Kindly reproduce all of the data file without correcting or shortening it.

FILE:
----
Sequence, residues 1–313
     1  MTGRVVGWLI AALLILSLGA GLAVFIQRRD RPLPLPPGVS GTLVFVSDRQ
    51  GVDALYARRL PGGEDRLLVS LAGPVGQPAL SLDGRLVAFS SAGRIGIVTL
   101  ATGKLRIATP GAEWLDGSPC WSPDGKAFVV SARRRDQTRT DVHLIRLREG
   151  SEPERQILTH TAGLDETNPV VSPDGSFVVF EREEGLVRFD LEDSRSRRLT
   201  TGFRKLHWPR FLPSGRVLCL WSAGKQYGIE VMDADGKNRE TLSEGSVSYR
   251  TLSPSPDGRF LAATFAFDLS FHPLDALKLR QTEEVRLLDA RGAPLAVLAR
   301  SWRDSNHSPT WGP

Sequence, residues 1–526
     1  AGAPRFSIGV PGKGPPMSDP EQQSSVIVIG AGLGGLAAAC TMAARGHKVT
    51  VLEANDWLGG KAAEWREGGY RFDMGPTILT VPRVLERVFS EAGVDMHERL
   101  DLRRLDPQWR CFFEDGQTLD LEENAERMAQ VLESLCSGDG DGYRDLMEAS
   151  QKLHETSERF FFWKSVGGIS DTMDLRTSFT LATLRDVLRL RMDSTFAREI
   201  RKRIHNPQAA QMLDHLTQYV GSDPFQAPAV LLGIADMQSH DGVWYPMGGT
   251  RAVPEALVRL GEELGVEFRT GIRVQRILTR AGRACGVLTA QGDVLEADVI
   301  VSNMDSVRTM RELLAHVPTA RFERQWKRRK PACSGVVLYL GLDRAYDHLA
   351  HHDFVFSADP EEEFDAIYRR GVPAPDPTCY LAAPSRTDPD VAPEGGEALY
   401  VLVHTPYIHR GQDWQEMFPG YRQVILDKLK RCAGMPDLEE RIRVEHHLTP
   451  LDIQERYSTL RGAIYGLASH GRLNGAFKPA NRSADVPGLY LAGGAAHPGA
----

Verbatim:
Sequence, residues 1–313
     1  MTGRVVGWLI AALLILSLGA GLAVFIQRRD RPLPLPPGVS GTLVFVSDRQ
    51  GVDALYARRL PGGEDRLLVS LAGPVGQPAL SLDGRLVAFS SAGRIGIVTL
   101  ATGKLRIATP GAEWLDGSPC WSPDGKAFVV SARRRDQTRT DVHLIRLREG
   151  SEPERQILTH TAGLDETNPV VSPDGSFVVF EREEGLVRFD LEDSRSRRLT
   201  TGFRKLHWPR FLPSGRVLCL WSAGKQYGIE VMDADGKNRE TLSEGSVSYR
   251  TLSPSPDGRF LAATFAFDLS FHPLDALKLR QTEEVRLLDA RGAPLAVLAR
   301  SWRDSNHSPT WGP

Sequence, residues 1–526
     1  AGAPRFSIGV PGKGPPMSDP EQQSSVIVIG AGLGGLAAAC TMAARGHKVT
    51  VLEANDWLGG KAAEWREGGY RFDMGPTILT VPRVLERVFS EAGVDMHERL
   101  DLRRLDPQWR CFFEDGQTLD LEENAERMAQ VLESLCSGDG DGYRDLMEAS
   151  QKLHETSERF FFWKSVGGIS DTMDLRTSFT LATLRDVLRL RMDSTFAREI
   201  RKRIHNPQAA QMLDHLTQYV GSDPFQAPAV LLGIADMQSH DGVWYPMGGT
   251  RAVPEALVRL GEELGVEFRT GIRVQRILTR AGRACGVLTA QGDVLEADVI
   301  VSNMDSVRTM RELLAHVPTA RFERQWKRRK PACSGVVLYL GLDRAYDHLA
   351  HHDFVFSADP EEEFDAIYRR GVPAPDPTCY LAAPSRTDPD VAPEGGEALY
   401  VLVHTPYIHR GQDWQEMFPG YRQVILDKLK RCAGMPDLEE RIRVEHHLTP
   451  LDIQERYSTL RGAIYGLASH GRLNGAFKPA NRSADVPGLY LAGGAAHPGA